Shaping resources to support the Australian Curriculum Print E-mail
By Deborah Cohen   
 
The Shape of the Australian Curriculum paper(s) clearly state that the national curriculum will be the basis of planning, teaching and assessment in Australian schools and will guide the work of teachers. While the curriculum will guide the development of school-based curriculum planning and will frame assessment and reporting, the missing link is the pedagogical support that teachers require in order to implement these documents. Since ACARA will not produce teaching resources to support curriculum elaborations, it will be the responsibility of the state and territory education jurisdictions as well as the independent publishing sector to provide aligned resources. It is through these approaches that cultural change and acceptance will happen.
 
The development of these resources is important to address not only curriculum objectives but also provide a link to multimodal and digital formats required for 21st century classrooms. Information discovery and delivery is changing and, with the introduction of and uptake of interactive white boards and laptop access, what teachers and students need is ease of access to free digital downloadable material that is aligned explicitly with the Australian curriculum expectations.
 

. . . the ACTF also promotes digital authoring by students to synthesise and apply their knowledge and understanding into a ‘new package’ as a digital response.

The Australian Children’s Television Foundation (ACTF) has been working with different partners to develop digital learning resources that are uniquely Australian, use digital clip formats with suggested teaching activities, engage students with multimedia, support all disciplines and are aligned directly with the topics and pedagogical frameworks for current curriculums. But that’s not all (you get six steak knives as well!), the ACTF also promotes digital authoring by students to synthesise and apply their knowledge and understanding into a ‘new package’ as a digital response. This can be shared (virtually or print-based) and delivered as part of their personal (e) portfolio. Students spend 80-90% of their research time online. In the process they have developed new research tactics to engage with web information. But what they get online is still highly text-based. A major consideration for this generation of students (and young teachers) is visual multi-media, not only to engage but also to entertain. Without the entertainment factor the level of engagement is low.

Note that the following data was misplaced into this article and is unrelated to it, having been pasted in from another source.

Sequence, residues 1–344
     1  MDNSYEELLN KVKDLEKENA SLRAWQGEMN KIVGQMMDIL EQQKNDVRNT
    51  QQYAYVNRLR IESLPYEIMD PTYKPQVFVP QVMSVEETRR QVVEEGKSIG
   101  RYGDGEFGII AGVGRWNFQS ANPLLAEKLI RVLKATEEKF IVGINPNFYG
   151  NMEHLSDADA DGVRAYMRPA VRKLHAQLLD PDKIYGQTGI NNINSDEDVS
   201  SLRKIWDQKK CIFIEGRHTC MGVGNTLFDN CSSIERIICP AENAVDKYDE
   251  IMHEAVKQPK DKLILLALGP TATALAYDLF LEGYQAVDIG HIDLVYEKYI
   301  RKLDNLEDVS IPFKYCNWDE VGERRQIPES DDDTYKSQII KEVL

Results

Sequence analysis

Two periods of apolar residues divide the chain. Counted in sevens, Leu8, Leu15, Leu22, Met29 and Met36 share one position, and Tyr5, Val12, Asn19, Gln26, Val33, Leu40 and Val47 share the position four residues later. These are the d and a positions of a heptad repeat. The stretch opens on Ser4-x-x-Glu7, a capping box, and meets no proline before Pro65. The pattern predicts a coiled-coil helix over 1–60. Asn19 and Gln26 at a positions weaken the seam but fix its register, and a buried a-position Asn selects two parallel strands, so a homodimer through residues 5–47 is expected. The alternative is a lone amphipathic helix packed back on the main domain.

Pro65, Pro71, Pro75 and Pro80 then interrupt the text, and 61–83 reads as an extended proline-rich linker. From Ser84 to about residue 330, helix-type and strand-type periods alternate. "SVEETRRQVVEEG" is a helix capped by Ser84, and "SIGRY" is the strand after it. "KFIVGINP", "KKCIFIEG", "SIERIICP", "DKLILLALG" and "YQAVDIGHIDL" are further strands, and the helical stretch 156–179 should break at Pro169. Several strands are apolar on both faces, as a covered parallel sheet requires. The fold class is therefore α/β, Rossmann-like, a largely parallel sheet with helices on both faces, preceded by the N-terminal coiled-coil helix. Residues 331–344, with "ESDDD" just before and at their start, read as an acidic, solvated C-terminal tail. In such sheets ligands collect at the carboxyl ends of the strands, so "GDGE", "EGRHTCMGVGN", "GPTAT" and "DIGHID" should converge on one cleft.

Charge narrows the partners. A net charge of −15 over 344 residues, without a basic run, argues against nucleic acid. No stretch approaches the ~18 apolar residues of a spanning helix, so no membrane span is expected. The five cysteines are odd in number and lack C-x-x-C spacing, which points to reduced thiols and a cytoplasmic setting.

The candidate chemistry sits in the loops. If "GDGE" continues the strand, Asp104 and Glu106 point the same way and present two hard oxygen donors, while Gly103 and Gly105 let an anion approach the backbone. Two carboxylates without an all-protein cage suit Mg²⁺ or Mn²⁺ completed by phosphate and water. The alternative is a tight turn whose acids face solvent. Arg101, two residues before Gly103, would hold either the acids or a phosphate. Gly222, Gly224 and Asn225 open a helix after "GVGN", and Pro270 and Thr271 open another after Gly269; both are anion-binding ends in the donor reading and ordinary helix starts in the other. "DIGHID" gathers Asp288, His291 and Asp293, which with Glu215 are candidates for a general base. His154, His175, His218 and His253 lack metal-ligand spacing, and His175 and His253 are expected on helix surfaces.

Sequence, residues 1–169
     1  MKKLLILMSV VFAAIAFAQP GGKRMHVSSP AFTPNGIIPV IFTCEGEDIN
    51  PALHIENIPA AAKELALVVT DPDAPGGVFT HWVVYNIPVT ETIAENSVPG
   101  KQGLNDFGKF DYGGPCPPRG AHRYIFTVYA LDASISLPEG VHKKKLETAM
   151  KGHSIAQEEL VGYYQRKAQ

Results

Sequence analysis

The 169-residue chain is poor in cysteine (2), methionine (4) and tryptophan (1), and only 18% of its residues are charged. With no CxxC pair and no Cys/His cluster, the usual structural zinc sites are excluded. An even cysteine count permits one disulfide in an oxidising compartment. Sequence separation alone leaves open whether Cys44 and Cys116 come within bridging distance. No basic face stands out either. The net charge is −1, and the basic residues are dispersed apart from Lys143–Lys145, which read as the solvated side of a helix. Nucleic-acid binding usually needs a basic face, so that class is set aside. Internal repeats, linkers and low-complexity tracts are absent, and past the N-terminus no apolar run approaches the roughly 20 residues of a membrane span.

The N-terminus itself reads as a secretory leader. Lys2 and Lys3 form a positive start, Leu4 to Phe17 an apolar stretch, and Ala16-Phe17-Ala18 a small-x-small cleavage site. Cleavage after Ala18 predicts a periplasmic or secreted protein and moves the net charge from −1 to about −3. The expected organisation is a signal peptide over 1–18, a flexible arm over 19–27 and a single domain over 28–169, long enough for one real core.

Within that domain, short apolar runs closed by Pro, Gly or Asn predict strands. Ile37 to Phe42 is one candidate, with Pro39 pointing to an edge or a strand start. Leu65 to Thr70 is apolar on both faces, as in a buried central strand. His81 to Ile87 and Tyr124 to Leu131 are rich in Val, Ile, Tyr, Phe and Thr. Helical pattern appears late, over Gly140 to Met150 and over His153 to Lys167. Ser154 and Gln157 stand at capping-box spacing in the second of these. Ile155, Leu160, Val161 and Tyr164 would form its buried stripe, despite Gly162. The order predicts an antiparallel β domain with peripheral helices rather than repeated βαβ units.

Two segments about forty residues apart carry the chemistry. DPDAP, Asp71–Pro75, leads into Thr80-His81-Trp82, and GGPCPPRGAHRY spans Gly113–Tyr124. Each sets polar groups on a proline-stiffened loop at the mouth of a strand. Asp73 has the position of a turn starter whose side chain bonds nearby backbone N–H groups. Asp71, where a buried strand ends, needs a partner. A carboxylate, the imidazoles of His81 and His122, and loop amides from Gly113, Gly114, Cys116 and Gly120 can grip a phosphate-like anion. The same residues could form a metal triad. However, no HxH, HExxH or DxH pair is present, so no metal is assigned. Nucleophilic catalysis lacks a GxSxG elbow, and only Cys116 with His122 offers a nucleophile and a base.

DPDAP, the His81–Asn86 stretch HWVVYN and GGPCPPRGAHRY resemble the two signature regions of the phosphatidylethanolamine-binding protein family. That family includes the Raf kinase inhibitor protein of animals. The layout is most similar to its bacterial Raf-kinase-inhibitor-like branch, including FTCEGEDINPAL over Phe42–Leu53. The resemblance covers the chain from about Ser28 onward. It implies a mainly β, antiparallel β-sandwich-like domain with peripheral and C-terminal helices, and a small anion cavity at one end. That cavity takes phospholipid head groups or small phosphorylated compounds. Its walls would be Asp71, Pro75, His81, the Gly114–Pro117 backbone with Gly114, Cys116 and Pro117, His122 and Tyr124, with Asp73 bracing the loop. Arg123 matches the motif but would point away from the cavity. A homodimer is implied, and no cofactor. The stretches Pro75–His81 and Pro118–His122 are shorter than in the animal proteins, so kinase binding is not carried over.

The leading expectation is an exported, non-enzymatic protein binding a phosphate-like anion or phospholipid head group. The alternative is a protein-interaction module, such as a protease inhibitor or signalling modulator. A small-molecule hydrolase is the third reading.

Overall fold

There is now a dynamic integrative relationship between new literacies . . .

Professor Len Unsworth (UNE) in his paper Negotiating New Literacies in Literacy Learning and Teaching, 2008, states that we live in a digital multi-media age for which new skills and strategies are required. There is now a dynamic integrative relationship between new literacies and traditional literacies which changes the whole continuum. We have to grasp that because the use of new literacies generates innovation, literacies from now on will be constantly changing.
 
Students today are also very savvy at media creation. They use digital technologies every day and upload ‘snippets’ of their life to share through their personal FaceBook pages or YouTube, among other sites. The English Shaping paper clearly outlines in ‘creating’ the production of multimodal texts. This indicates a specific mode of communication and a valid strategy across all three strands, Literature, Language and Literacy. What may be daunting for teachers is how to authentically use digital authoring to gain information about student achievement. Are teachers sufficiently expert in digital authoring to embed it into their programs and effectively assess the production of items against curriculum objectives/outcomes.
 
ACTF is currently involved with an ARC Linkage Partnership lead by Professor Unsworth and Dr Anglela Thomas (USyd.) to produce a pedagogical framework for digital authoring and a valid standards rubric for assessment. It has been found that while students are quick to use digital authoring software and become skillful in the applied processes, very few students apply an aesthetic intelligence to discern which elements of creation are the most effective in communicating meaning. The research is finding that students need to be introduced to digital materials very early in their schooling to be proficient producers and consumers later on.